It was the first home match of the new Eircom League season. Ireland switched to summer soccer in 2002, but given the fact that the season starts in March and finishes in November and Irish weather rarely gets warmer than an October day in the south of France, summer is probably a misnomer.
Bray Wanderers is our team. They play in the seaside town of Bray, four miles south of here and in the eight seasons in which I have followed them have yo-yoed up and down between the premier division and the first division. If calling the second division the first division seems a nonsensical use of language, it is not as bad as the English who have the Premiership and the Championship before reaching League Division One – try telling someone who doesn’t know much about the game that League One is actually the third division.
Anyway, Bray were poor last season, finishing bottom but one, but given the fact that another team had gone bankrupt and dropped out, they were spared any danger of relegation. Bray have often been poor; there have been bright moments but watching the opposition knock in four or five goals has been an all too frequent experience.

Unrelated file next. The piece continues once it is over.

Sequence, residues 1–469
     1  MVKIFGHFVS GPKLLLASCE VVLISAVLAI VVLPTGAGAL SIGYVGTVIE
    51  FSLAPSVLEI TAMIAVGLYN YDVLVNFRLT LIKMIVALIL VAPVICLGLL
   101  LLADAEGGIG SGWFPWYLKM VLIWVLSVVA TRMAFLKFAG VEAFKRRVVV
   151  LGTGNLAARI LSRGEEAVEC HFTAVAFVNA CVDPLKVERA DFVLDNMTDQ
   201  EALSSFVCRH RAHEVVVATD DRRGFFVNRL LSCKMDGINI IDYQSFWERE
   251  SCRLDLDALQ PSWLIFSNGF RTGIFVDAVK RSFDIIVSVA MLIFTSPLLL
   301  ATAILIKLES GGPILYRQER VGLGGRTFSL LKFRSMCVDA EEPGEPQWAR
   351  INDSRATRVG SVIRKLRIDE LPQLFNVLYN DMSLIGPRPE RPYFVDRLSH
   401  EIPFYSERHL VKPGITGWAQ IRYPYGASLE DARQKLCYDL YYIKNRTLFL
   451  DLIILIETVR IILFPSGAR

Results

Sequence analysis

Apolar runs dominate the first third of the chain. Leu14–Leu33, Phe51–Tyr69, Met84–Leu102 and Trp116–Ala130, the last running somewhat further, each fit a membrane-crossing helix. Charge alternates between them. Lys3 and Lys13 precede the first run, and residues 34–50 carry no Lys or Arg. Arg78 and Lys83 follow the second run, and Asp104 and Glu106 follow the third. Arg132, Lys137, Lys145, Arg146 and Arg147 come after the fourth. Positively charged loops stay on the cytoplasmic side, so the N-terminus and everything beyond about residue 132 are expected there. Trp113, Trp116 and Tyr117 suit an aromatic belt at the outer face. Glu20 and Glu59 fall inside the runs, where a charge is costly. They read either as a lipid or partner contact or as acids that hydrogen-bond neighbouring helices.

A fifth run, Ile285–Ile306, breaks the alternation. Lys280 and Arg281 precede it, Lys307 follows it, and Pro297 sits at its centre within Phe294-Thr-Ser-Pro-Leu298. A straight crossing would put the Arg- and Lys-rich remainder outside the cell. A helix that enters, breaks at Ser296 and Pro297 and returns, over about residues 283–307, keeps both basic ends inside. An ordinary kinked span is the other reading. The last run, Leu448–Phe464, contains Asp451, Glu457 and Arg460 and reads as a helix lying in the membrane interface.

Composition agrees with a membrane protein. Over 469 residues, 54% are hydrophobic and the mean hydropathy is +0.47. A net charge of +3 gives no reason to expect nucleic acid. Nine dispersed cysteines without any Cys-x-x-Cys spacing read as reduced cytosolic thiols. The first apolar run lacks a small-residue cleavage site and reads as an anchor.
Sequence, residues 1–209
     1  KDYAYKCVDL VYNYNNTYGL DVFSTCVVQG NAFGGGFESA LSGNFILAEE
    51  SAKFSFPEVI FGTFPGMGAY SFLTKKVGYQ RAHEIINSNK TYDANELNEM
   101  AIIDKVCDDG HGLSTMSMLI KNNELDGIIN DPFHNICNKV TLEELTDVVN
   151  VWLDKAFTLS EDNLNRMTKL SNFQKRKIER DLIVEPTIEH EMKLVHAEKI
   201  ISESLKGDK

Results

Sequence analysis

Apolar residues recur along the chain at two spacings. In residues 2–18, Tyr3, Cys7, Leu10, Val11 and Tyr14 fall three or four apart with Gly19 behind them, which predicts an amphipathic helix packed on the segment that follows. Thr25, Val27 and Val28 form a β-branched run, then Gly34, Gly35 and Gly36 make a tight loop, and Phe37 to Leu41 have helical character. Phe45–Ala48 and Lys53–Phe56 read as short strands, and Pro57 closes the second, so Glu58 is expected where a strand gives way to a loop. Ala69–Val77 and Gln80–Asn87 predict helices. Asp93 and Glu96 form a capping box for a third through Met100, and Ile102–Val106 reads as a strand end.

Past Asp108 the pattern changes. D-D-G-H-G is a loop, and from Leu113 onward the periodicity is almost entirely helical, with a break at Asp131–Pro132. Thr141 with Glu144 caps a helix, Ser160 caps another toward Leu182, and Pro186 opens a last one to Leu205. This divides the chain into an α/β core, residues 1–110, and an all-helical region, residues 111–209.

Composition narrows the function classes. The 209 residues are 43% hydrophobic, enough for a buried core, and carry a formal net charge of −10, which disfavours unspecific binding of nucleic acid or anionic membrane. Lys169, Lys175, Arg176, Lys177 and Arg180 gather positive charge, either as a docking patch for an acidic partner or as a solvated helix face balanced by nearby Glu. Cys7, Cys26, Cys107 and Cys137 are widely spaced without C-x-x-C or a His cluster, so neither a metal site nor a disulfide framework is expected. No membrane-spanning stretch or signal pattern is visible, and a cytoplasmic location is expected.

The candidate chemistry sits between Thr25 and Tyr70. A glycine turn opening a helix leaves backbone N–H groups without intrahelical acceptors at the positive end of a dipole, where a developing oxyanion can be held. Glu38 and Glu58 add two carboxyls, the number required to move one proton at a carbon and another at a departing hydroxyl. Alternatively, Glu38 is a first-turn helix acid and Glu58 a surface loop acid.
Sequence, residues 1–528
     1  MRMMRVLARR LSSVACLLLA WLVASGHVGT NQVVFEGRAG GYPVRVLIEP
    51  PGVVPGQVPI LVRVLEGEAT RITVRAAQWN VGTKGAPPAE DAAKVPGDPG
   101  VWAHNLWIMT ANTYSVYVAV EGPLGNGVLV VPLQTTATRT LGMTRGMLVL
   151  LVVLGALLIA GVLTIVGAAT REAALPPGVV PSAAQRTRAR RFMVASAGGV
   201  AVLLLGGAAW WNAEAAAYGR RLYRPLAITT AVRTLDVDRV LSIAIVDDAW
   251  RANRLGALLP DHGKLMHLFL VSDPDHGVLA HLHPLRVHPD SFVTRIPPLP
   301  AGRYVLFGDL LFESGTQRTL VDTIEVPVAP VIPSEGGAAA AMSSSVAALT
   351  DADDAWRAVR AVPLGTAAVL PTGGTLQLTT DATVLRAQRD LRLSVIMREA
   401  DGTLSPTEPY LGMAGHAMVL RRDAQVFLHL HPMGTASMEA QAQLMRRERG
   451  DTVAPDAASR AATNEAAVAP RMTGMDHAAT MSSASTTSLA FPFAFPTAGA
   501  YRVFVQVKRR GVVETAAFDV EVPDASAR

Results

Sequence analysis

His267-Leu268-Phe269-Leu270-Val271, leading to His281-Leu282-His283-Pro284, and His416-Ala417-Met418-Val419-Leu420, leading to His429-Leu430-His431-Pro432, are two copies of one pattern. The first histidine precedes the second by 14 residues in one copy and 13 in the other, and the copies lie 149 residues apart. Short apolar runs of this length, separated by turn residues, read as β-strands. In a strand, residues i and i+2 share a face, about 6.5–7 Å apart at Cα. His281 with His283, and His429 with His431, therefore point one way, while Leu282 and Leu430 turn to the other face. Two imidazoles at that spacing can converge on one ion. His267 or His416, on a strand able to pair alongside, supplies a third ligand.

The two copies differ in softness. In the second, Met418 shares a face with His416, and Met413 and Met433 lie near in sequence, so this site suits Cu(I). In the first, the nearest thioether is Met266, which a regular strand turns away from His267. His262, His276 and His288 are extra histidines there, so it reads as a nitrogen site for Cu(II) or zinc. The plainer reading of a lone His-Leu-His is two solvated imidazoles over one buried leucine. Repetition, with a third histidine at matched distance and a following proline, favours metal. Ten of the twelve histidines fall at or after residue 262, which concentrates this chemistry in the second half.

Given the track record, it is wise to go to a match without great expectations. So it was I sat and watched the match at the Carlisle Grounds this evening. Bray were playing Bohemians, and wins against Bohemians for Bray are about as common as hen’s teeth. After half an hour, Bray went ahead. There was much delight at a well taken goal, but I remained firmly seated. It was too good to last, we didn’t win such matches.
I spent the rest of the match in the expectation that Bohemians would certainly equalize and would in all probability go on to win. When the referee blew the whistle after four minutes of added time at the end of the match, I was suddenly struck by the realization that Bray had won. It was too late then to savour the moment.
On the eve of Saint Patrick’s Day, I wondered if I am as uncertain in my Christianity as I am in my football support. I would like to be bold and confident but am worried that it might all be too good to be true. If I triumph at the end, will it come as a surprise?
Patrick had a boldness and a certainty in his faith – he needed it to meet the challenges of the society in which he lived. He would never have encountered the mysteries of League of Ireland football, but would have felt no surprise at being triumphant at the end.